JOHANNES ULRICH KUBIAK
'array of primitive values'
18 May - 17 June 2023
Eva Steynen.Deviation(s) is pleased to present the second individual exhibition of Johannes Ulrich Kubiak at our gallery.
For the occasion Hans Theys, art-historian and philosopher, wrote about Kubiak's oeuvre.
Yesterday I visited the studio of Johannes Ulrich Kubiak (b. 1961), an artist from Berlin who came to live in Antwerp five years ago. First he shows me works that have been created over the past three years: paintings with acrylic paint on canvas, created from pencil lines that mostly form triangles or stars. This creates fields that are filled in with different colours: a fragmented surface that obtains pictorial depth due to the varying density of the colours. Sometimes a slightly tinted transparent layer is added, softening the colors with a milky mist. Some surfaces seem to have been painted with a brush, bordered by tape. Sometimes the paint is applied with a painter’s knife to blend two colors together or create an opaque, thicker texture that gives the impression of standing out or hovering in front of a receding space. Sometimes we find a wiry texture on top, applied with a rounded, flat brush.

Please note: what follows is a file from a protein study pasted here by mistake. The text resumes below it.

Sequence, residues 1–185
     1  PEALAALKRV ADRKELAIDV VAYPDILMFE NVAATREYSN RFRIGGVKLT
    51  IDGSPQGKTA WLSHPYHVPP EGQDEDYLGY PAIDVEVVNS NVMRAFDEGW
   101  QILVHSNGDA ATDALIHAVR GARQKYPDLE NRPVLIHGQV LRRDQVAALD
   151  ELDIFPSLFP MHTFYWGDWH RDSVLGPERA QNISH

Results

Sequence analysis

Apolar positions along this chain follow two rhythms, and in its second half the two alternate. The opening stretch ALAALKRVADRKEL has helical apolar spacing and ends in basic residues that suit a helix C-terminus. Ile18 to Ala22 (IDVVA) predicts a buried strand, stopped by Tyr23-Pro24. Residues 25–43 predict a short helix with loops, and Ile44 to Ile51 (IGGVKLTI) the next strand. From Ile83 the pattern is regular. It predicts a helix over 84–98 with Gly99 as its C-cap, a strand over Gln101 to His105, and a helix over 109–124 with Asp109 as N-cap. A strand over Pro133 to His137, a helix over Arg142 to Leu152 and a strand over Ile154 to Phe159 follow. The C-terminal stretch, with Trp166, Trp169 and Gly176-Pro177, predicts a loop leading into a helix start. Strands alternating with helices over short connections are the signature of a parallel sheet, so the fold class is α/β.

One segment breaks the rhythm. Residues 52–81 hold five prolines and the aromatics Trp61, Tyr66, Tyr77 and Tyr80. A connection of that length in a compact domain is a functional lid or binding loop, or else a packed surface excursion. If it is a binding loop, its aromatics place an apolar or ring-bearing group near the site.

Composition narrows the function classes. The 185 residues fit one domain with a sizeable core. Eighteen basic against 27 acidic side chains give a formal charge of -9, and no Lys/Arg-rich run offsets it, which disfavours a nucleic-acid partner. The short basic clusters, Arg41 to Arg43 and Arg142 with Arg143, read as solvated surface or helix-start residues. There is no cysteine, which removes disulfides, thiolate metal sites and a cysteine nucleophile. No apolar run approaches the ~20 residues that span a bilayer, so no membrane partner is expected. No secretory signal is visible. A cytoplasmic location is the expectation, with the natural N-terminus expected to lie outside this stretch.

Somewhere in the room hangs a vertical painting that reminds me of an icon or a narrow stained glass window. Up close I see that the paint is applied to two obliquely cut strips of a door that have been glued together. The work is light-footed, elegant, minimal, compact, penetrating. It appeals to me. It evokes many images, an atmosphere, a form of concentrated attention. A little later I recognize two similar works in the studio. They’re still standing on the floor. I understand that they are in purgatory, as the concrete philosopher Walter Swennen calls it: the place where will be decided whether the thing can go to heaven (will be given a place in the oeuvre) or will be rejected as an unfortunate attempt.